Lecture 17.docx

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31 Mar 2012
Lecture 17
International Institutions
Anything that crosses borders relies on institutions. Once we recognize their
importance, we will see them everywhere as the world is filled with them. In an anarchic
world with no world govt, we still want to cooperate and we need regulations and
stability. Institutions help us get there. Institutions have benefits: increased
cooperation, stability, prosperity, the emergence of governance. Governance can exist
without government. Governance is an amorphous system of regulations and rules
governing interactions. With the network of institutions govts are not really necessary.
Costs: decreased sovereignty, new dimensions of conflict, restricted ability of govts to
react to local needs and values as well as to rapid changes and shocks. Institutions
penetrate into your sovereignty and limit your abilities to decide what happens inside
your borders. It might affect the ability of the govt to react to local needs: govts unable
to choose structures reflecting local desires and now are choosing internationally
decided structures.
How can we understand institutions under anarchy?
Institutions: a set of customs, practices, relationships, or behavioural patterns of
importance in the life of a community or society; they are the rules of the fame, the
norms that regulate behaviour; they generate repetitive and predictable behaviour; they
define the social constraints and opportunities that actors face. All orgs are institutions
but not all inst are orgs. A lecture is an institution but not an org. Clear, predictable
expectations create efficiency. War, marriage, lectures, UTSU. Institutions can be social
conventions already understood. Institutions regulate patterns of behaviour.
Institutions define the menu of available practices (Young) .they constrain choice and
establish predictability. If you know the rule of the game you know the likely actions that
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an actor might pursue.
Sovereignty, balance of power, reciprocity and negotiations are institutions in IR.
Specific institutions in IR: United Nations (inst and org). It is a general form of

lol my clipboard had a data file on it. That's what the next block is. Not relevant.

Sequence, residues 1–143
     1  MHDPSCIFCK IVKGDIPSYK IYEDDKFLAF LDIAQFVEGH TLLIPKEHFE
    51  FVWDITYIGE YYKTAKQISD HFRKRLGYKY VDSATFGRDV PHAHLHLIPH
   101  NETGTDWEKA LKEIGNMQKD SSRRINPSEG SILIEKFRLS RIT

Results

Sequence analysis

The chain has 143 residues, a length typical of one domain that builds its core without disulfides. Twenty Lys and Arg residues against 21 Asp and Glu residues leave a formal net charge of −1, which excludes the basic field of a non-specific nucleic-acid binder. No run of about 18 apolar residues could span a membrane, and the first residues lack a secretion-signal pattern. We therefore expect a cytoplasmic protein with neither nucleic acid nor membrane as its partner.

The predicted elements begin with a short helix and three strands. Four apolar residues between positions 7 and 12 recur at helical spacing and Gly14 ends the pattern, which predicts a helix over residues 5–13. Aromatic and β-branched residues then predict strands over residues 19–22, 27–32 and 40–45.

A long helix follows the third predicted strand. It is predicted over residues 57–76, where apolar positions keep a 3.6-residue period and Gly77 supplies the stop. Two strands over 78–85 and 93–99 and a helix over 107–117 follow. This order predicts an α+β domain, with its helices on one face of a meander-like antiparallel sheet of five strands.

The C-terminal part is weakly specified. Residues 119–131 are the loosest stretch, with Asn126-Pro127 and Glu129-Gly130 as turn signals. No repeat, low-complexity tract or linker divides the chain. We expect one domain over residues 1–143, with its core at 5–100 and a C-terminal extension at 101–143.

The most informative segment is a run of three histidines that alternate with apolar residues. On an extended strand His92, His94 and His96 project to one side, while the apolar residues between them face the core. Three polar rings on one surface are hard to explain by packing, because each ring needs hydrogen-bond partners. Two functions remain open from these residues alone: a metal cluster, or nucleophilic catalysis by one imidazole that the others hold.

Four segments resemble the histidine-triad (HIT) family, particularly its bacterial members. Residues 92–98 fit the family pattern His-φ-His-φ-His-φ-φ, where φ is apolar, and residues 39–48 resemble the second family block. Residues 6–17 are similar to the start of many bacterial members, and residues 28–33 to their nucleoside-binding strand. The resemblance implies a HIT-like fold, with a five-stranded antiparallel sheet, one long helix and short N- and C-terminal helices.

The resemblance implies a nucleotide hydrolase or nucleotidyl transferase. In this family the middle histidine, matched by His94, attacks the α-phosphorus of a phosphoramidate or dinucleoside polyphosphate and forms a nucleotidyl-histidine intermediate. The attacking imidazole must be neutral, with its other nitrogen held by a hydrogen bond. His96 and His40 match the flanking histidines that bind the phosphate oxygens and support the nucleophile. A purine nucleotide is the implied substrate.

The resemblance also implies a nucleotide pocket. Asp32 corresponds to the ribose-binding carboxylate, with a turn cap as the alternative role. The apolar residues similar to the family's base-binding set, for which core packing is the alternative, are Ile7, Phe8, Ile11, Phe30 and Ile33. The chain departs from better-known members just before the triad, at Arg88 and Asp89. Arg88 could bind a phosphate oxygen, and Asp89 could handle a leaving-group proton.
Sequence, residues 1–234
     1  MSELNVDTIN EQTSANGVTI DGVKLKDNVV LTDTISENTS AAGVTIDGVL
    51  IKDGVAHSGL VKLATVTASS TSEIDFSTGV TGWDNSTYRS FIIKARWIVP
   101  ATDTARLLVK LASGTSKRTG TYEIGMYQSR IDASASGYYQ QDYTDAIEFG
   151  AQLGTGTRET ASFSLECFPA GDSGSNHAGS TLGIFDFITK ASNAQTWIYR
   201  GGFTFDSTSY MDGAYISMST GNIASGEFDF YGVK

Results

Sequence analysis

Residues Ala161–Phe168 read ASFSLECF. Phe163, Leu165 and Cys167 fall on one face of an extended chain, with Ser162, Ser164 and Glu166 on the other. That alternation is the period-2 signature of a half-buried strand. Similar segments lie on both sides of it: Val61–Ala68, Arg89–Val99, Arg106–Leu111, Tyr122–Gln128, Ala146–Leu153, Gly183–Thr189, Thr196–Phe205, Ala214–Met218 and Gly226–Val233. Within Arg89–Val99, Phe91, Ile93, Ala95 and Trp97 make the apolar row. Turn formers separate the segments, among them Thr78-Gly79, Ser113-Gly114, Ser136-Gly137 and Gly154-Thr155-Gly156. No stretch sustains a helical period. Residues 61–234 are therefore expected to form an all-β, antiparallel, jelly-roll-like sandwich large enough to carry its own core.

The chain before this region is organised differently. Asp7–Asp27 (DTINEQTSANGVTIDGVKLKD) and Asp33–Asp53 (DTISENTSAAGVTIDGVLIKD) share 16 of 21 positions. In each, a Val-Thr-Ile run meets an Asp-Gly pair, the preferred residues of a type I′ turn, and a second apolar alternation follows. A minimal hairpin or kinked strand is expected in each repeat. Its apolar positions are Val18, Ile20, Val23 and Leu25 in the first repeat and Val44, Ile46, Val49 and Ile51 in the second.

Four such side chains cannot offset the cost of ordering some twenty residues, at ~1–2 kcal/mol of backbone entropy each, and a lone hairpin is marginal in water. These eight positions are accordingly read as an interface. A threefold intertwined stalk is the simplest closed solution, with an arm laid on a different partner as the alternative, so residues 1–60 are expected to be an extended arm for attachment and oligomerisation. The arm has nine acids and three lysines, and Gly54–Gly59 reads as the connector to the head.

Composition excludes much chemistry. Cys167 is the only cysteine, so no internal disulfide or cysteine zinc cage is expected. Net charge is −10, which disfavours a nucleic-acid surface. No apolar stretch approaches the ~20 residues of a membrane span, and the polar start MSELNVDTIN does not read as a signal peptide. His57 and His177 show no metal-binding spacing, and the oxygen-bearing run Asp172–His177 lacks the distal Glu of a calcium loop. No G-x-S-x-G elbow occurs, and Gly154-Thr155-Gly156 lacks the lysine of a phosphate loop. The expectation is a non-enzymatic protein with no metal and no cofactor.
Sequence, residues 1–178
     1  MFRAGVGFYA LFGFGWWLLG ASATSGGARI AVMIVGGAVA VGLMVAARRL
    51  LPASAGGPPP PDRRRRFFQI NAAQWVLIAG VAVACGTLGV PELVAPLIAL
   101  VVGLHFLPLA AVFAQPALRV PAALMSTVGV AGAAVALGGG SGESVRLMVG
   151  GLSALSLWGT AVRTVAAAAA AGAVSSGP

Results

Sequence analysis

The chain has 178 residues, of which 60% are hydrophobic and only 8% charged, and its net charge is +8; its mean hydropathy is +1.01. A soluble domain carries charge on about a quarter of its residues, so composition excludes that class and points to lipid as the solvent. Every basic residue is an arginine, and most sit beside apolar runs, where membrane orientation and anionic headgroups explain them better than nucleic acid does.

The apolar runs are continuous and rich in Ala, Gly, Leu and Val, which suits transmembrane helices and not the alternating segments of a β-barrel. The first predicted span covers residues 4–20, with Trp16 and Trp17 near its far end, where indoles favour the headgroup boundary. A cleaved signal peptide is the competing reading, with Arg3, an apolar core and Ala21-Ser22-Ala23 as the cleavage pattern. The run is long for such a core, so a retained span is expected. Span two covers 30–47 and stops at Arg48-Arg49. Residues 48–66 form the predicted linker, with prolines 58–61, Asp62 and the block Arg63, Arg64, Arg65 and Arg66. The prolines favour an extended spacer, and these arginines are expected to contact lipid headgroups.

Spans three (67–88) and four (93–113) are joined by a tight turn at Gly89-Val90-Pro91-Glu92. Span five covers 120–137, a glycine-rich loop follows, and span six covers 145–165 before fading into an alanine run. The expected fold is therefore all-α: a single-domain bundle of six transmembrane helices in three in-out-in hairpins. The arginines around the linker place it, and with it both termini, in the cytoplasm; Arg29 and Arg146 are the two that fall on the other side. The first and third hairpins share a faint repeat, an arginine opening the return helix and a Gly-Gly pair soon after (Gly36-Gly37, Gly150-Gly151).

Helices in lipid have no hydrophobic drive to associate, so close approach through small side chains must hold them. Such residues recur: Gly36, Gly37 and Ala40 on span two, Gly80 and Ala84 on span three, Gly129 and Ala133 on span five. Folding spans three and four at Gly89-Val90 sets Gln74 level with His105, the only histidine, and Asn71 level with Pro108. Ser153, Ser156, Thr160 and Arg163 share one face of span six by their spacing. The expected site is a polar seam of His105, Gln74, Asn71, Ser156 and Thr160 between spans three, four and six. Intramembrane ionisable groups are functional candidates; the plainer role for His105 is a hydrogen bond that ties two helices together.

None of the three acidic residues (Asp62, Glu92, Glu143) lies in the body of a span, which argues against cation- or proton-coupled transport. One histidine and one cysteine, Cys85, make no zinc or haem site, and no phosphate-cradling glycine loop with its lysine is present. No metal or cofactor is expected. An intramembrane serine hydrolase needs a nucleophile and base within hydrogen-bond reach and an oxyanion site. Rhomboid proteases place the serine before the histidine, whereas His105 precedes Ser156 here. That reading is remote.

institution in IR, it is an example of the bigger institution, multilateral diplomacy.
Other types of institutions:
-International Organizations (IO•fs): IGOs, NGOs.
-International Regimes: a set of formal/informal rules, norms of behaviour, and
at times, organizations set around a specific issue area in international politics.
Regimes are often, but not always, codified in intl treaties and managed by intl
organizations (governance without govt) (a regime on whaling regulates the
practice of whaling managed by organizations to take care of the issue).
Examples: nuclear energy institutions, climate change institutions. It is an
analytical claim. All IO•fs and regimes are institutions but not all institutions are
IOfs or regimes.
Institutions are important if they can be independent actors and have an independent
impact; if they cannot they are not interesting because we do not need to study them as
we can study states. Can institutions be perceived as actors in IR? Do they have
agencies? Can they make a difference independent of the states creating them? Is the
UN more than the sum of its parts? Two ways of thinking: puppet (led by decisions of
their members) and Frankenstein (states create the institutions but after creation there
is not complete control over it). If they are puppets, we do not need to study them; they
are the interest of states, and we can focus on and study states. If they have their own
will and independence, we should pay attention to them. There is debate about what
they really are: puppet vs. Frankenstein.
Why have institutions in IR?
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A rationalist/realist explanation: the permanent interests of states to put their
normal relations on a stable by providing for predictable and enforceable conduct with
respect to these relations (Morgenthau). It might be in the interest of states to create
Liberal: reducing transactions costs (a cost incurred while making an exchange or an
interaction) through: the provision of information; coordinate expectations; increase the
probability of iteration and enable enforcement through reciprocity. If there were no
benefits from cooperation, there would be no institutions. If cooperation were easy (no
costs or risks of exploitation) there would be no need for institutions (Keohane).
Institutions solve the problem of anarchy.
The Stag Hunt: everybody gains most if they cooperate; everyone wants to cooperate
(states). If every state hunts the stag, they all win by 5. If I defect and my friends hunt
the stag, I get the rabbit and they get nothing. If everyone goes for the rabbit, everyone
will eat a little bit of rabbit. (5,5), the Nash Equilibrium where everyone wins, is the
most likely outcome. If they had institutions regulating their cooperation, there would
be no reason to cooperate without temptation to defect. Post-institutions we have
cooperation, coordination, guarantees and stability. Realists believe in relative gains and
institutions help them. The World is more of a Stag Hunt rather than a Prisoner•fs
*Repeated iterations (playing the game over and over; same people and outcomes):
-Tit for tat
-The shadow of the future. They increase the SotF. Reduces the shadow as it
brings stability and certainty.
-Reputation (the interaction with the same actors bring reputation).
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